Recent Graduate's Journey to Biliteracy Excellence
This past weekend graduation ceremonies took place for all three high schools in the Sioux City Community School District.
Students received diplomas in a class showcasing lingual diversity.
Jose Garcia graduated from North High School and can’t wait for the future.
“I plan to go to Western Iowa Tech and transfer to USD and maybe Briar Cliff.”
REPORTER: What do you think of your high school years going to school in SC?
“They went fast especially these last two years.”
The 18-year old received a new recognition from the Sioux City Community School.
He received a Seal of Biliteracy, earned by students who are proficient in English and one or more languages.
In all about 30 students were the first to receive the Seal of Biliteracy.
“We started at Irving Elementary in the bilingual program, so half of the classes were taught in English the other half in Spanish.”
Jose, who was born in Garden City, Kansas entered school in Sioux City with limited English, but quickly caught on.
“I came here when I was four-years old. I knew mainly Spanish. I got enrolled in that program. And, I picked up a lot from watching TV too.
Out of the 900 graduates in the Sioux City Community School District’s class of 2019, 104 are English language learners or EL learners. Approximately 82-percent of the EL students speak Spanish as their native language.
REPORTER: “How many languages do students in the district speak?"
“I believe 43. But, that could change frequently because we have different dialects that come in on a regular basis.”
Tori Albright is the World Language Coordinator for the school district.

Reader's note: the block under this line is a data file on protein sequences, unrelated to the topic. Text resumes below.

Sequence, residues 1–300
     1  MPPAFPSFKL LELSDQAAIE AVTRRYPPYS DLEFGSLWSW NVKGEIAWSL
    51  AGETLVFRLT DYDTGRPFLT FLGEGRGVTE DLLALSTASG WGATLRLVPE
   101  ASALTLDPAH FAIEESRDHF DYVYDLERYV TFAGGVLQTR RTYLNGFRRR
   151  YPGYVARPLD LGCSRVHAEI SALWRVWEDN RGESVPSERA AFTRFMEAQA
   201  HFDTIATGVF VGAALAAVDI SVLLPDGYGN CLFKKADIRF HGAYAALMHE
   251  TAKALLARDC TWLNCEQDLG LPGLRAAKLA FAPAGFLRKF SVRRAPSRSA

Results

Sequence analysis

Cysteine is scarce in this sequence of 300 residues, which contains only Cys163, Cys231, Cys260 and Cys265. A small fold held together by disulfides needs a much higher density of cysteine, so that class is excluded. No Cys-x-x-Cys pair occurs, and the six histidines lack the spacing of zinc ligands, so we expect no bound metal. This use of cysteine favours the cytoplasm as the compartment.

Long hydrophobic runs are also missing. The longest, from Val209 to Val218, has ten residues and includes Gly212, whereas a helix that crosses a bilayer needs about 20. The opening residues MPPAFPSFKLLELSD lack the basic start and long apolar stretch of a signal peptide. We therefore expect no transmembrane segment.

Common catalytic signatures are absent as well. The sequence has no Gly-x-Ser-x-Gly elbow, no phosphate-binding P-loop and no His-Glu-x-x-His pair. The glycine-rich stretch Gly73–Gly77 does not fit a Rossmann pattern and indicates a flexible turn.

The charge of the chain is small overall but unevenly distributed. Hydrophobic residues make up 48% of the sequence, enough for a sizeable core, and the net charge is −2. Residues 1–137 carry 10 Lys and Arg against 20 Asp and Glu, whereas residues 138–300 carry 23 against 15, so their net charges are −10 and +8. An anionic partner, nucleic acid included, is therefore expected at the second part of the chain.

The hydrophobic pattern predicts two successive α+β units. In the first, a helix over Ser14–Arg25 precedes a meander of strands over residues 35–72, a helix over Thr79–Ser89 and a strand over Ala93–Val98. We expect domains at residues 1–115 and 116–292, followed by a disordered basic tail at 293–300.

“Language acquisition so complex. It’s one of the most complex topics to talk about and research. Some of the students coming to us come from an educated background. They were lucky enough to have a formal schooling background. Maybe, they are coming to us when they are 10 or 11. Then there are others coming to us when they are 16, 17, 18, even 19-years old and they have limited formal education. And, there are students coming to us from Guatemala where they only have formal schooling until fifth grade. And, they’re coming to us at 16-years old and they have learned many things, but just not academic things. So, they’re coming to us in high school and they a huge gap in instruction, so that’s one of the biggest challenges obstacle we face.”
REPORTER: “Immigration is such a hot topic in the United States and northwest. There are some people who feel people should be here. What people to know about students who come here who are immigrants.”
“It’s a humanity issue, I think. People are people. And I’m very, very, very proud of Siouxland at large and Sioux City Community Schools. We do an excellent job at welcoming every single family that walks through our doors no matter their background. I joke we will never put up a ‘no vacancy’ sign because we are a public school district that opens its arms. We have signs with the top nine languages that say ‘no matter where you are from we are glad you are our neighbor’. No matter they pathway you took to get here we are glad you call Siouxland home.”
Jose says his family migrated from Jalisco, Mexico many years ago for a better life. His parents worked hard to provide for their three children, and strive to learn the language; his father picking it up easier than his mom.
“She’s taken a lot of English classes. I think it would be a lot harder to learn it at an older age instead of Kindergarten on.”
Jose says he doesn’t want to stop with just two languages. Eventually he wants to learn how to speak Chinese and Japanese. He is also intrigued by German and French.
“I want to study business, so it would be a lot more helpful to learn more languages so I can meet more people.”
Jose is a young man full of hope and determination ready to embrace the world with a deep educational foundation.
Jose was also chosen to greet parents at the beginning of the graduation ceremony at the Tyson Events Center on Saturday in this native language of Spanish.